Posted on April 21, 20170 131
A look at the “Open Source Learning Materials for Introductory Chemistry Coursework” initiative to develop free online course materials to take the place of traditional textbooks for introductory chemistry courses, including an interview with project leader and Western Oregon associate chemistry professor, Dr. Patricia Flatt.
Posted on March 7, 20171 981
On February 25, 2017, Lauren Peterson and Nate Winegardner from the
Center on Early Learning presented at the Southern Oregon Chapter of the
Oregon Association for the Education of Young Children (SOC-OAEYC)'s
Winter Conference, "Together for Children."
Posted on February 3, 20170 1516
In January, Mike Bicknell accepted a position at the National Center on Deaf-Blindness as a Technology Specialist. He agreed to share a little about himself with us.
Posted on January 4, 20171 1980
As TRI moves into 2017, we're saying goodbye to two of our valued staff members, Carol Dennis and Amy Parker.
Posted on December 5, 20160 1952
Each month, Lyn Ayer, Director of the Oregon Deafblind Project (ODB), publishes a newsletter filled with interesting articles that help change the way we look at human development and education, with a special focus on students with disabilities. In the past, the TRI website has featured one article from the ODB Newsletter that jumped out as most fascinating.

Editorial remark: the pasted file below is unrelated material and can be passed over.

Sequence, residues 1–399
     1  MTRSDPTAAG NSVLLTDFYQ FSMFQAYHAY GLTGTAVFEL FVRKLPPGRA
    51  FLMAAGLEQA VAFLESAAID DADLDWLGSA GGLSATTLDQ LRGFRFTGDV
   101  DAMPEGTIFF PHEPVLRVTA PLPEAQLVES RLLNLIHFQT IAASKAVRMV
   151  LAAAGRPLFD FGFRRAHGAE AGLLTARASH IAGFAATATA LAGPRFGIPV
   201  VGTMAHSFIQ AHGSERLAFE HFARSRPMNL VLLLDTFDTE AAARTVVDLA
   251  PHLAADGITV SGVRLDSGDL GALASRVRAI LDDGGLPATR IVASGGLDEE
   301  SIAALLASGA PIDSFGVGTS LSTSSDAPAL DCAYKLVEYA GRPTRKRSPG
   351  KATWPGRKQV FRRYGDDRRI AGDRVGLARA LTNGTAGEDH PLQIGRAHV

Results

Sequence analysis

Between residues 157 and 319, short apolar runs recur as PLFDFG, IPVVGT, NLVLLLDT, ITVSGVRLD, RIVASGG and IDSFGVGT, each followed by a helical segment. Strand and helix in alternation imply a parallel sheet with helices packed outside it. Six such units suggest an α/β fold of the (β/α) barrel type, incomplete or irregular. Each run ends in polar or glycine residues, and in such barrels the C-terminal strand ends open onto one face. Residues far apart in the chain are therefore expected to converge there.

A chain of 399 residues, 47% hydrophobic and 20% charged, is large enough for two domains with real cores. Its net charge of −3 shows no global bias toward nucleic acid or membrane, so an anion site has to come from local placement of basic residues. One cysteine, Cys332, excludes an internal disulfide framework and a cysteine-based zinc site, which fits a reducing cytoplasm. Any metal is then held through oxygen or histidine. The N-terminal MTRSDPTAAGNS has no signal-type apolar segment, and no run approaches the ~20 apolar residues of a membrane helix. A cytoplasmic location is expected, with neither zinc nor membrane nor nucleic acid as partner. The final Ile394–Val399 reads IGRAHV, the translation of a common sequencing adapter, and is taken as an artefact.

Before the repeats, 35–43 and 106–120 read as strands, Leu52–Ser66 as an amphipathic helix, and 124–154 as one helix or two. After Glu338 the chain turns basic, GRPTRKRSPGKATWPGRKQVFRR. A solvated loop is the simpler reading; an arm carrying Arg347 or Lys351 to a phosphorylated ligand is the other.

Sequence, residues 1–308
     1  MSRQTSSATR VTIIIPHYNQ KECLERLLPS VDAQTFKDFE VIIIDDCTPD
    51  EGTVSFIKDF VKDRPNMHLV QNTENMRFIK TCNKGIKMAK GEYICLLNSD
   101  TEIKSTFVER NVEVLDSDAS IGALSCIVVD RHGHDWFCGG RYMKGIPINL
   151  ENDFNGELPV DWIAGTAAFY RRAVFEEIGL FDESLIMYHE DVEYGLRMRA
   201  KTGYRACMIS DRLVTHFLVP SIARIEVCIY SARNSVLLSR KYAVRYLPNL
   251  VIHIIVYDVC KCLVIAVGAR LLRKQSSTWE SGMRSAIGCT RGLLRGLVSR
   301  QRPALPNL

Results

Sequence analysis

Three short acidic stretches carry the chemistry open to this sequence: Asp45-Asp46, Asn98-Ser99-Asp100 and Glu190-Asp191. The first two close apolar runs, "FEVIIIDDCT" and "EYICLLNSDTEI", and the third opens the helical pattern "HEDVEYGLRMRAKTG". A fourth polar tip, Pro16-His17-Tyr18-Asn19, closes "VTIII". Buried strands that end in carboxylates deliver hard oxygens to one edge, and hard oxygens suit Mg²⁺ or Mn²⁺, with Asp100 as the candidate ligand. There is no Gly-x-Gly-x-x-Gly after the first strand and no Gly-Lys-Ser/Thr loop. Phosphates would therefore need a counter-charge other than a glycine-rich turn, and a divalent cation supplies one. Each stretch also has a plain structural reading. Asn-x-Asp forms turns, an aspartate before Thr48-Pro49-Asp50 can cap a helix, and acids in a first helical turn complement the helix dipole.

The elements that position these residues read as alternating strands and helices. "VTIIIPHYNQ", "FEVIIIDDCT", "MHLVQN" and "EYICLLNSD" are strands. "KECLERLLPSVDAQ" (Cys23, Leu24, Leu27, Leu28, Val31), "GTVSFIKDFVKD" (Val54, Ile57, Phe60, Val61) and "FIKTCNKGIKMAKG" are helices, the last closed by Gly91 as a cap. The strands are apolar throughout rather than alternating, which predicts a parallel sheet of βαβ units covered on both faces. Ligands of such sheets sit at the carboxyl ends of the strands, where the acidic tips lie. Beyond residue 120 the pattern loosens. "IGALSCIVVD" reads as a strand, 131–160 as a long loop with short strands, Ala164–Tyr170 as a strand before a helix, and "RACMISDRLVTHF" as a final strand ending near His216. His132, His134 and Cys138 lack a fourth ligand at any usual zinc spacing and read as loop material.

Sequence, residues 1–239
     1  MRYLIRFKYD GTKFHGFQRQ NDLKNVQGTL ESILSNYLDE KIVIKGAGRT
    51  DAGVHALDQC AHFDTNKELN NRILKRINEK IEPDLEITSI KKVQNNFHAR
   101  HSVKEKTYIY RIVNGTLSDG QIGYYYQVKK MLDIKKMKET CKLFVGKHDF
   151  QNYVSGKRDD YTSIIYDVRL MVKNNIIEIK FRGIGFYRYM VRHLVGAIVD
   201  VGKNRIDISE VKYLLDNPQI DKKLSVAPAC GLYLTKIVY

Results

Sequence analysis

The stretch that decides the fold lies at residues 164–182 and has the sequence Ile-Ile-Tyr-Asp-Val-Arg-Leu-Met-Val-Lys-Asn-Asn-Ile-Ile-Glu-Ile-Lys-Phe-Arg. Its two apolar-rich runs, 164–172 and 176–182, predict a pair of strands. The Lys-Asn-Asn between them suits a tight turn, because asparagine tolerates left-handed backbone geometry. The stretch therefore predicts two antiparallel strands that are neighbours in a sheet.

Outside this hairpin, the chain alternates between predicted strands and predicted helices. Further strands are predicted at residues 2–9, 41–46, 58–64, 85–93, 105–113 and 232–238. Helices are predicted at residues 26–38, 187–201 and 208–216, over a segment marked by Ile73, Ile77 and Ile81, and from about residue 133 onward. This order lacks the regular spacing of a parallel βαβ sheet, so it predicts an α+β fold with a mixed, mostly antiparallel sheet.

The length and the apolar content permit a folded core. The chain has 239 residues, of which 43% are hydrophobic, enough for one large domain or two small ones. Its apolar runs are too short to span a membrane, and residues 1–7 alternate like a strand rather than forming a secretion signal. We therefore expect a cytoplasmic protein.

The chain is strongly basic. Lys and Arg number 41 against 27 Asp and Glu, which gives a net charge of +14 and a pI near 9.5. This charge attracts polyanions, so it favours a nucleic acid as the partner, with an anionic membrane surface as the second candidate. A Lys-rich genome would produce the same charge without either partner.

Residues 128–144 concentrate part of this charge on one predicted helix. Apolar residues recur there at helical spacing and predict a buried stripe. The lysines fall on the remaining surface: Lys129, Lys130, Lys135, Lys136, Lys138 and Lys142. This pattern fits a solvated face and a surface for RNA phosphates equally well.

This month, it was difficult to select just one article, so we thought we'd share the entire newsletter with you.
Posted on November 17, 20162 2115
By Amy Parker
TRI's Amy Parker presented at the 2016 Division of Early Childhood Convention which took place October 18 - 20 in Louisville, KY. Below are her reflections of the her time there.
It was a great opportunity to attend the Division of Early Childhood's (DEC) convention in Louisville, KY last month. In addition to having the pleasure of seeing one of our TRI colleagues, Patti Blasco, lead from the main stage, it was a delight to witness the energy of the DEC as a group who was celebrating their 30 year advocacy and implementation accomplishments for young children with disabilities and their families.